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Chris Paul singles out referee Scott Foster after Houston Rockets' win

From NBA Twitter and media reports

With 4 minutes and 52 seconds left in Houston’s 121-112 win against the Portland Trail Blazers last night, Paul was whistled for a technical foul by referee Scott Foster. Paul’s comments after the game were clear and, as well, pointed to perhaps a looming discussion between the National Basketball Players Association and NBA referees.

Here’s what Paul had to say about Foster, per’s Tim MacMahon:

“Yeah, Scott Foster at his finest,” Paul said. “You know what I mean? He just never fails.

“Some of them, you can [communicate] with. You’ve just gotta figure out who you can and you can’t. I got a tech tonight. I’m over there with [referee Courtney Kirkland] saying, ‘That’s Scott, that’s Scott,’ and I got a tech. That’s history there. He the man. That’s who they pay to see.”

Paul ranks eighth in the league with six technical fouls. Paul said he isn’t concerned about putting himself in jeopardy of a suspension, but he considers the quick whistles an issue that needs to be addressed.

“Man, you’ve just got to hope there’s a system in place, just making sure they get checked just as much as we do,” Paul said. “Even some of those double techs that they call, it’s really quickly and stuff like that. That’s $2,500 every time a tech’s called on a player.”

Paul said he expects to participate in a meeting during All-Star Weekend about the tension between referees and players.

“We’re going to figure it out,” Paul said. “There’s got to be a way that we have dialogue and stuff like that. I don’t know, good ol’ Scott Foster, though. That guy …”

On Wednesday, USA Today‘s Sam Amick reported that the NBPA and NBA officials will meet on Feb. 17 — during NBA All-Star 2018 — to hash out issues between players and referees that have cropped up this season. Per Amick, there will be three players on one side, three officials on the other and perhaps a moderator in said meeting. NBPA Executive Director Michele Roberts said the meeting is “shaping up” and will not be open to the public.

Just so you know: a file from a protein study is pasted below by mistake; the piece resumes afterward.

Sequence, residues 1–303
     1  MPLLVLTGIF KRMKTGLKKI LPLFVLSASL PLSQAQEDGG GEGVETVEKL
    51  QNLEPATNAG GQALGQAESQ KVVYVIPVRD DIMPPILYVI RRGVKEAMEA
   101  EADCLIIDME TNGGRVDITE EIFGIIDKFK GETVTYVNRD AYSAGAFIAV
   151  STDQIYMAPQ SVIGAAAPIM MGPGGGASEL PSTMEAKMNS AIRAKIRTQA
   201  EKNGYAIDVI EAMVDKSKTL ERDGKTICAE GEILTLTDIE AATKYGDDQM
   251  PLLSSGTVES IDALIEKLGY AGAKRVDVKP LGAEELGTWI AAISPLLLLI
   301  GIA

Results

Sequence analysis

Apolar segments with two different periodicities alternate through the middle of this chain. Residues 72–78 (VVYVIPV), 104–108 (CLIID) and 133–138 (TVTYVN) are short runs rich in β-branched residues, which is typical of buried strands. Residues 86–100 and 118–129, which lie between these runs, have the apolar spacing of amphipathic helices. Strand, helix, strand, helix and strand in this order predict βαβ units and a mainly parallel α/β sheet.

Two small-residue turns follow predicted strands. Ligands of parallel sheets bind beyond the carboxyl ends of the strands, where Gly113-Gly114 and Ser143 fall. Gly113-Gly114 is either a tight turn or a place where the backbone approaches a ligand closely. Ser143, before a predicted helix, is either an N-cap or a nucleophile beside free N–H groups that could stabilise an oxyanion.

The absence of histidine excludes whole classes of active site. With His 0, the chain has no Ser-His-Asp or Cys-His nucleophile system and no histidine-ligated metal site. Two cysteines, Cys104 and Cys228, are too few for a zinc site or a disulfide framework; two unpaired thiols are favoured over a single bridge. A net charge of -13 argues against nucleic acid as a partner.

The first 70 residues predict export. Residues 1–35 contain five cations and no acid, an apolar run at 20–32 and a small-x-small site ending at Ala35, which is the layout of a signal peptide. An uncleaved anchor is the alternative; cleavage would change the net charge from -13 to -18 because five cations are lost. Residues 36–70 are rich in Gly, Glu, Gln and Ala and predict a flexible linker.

“I think if the aim is to have candid discussion between the players in attendance and the officials in attendance, I think it needs to be done without a third party, including, frankly, even perhaps me or others being there.

“I’m looking forward to it. I think it will be both spirited and enlightening. Even the conversations I’ve had with Lee, there have been things that I have not, frankly, been aware of in terms of the kinds of pressures that (officials) are under. So, I think it’s a useful step.”

While player-ref conflict has always been an unavoidable part of professional sports, most agree that this NBA season has been worse than most in terms of the rapport – or lack thereof – between both sides. The incidents have certainly involved stars, among them the Cleveland Cavaliers’ LeBron James (first ejection of his career on Nov. 28), the New Orleans Pelicans’ Anthony Davis (first ejection of his career on Nov. 29) and – last but certainly not least – the Golden State Warriors’ duo of Draymond Green and Kevin Durant (the two league leaders in technical fouls, with 19 combined).

But no situation was more symbolic than the Dec. 3 head-butting between official Courtney Kirkland and the Warriors’ Shaun Livingston, with Kirkland being removed from the referees’ rotation for a week as a result and Livingston suspended one game. On Monday, after Green told The Athletic recently that officials were “ruining the game” and that the NBA should “get a new crop,” the Warriors forward was fined $25,000 by the league.

“I think if nothing else, and (the improvement) may be modest, but having had the conversation (with the officials) and having our players go back and report to the rest of the guys and those officials going back and having their conversations, (this meeting) will make some difference,” Roberts said. “At least people will have a better sense of what is on the minds of the other group.”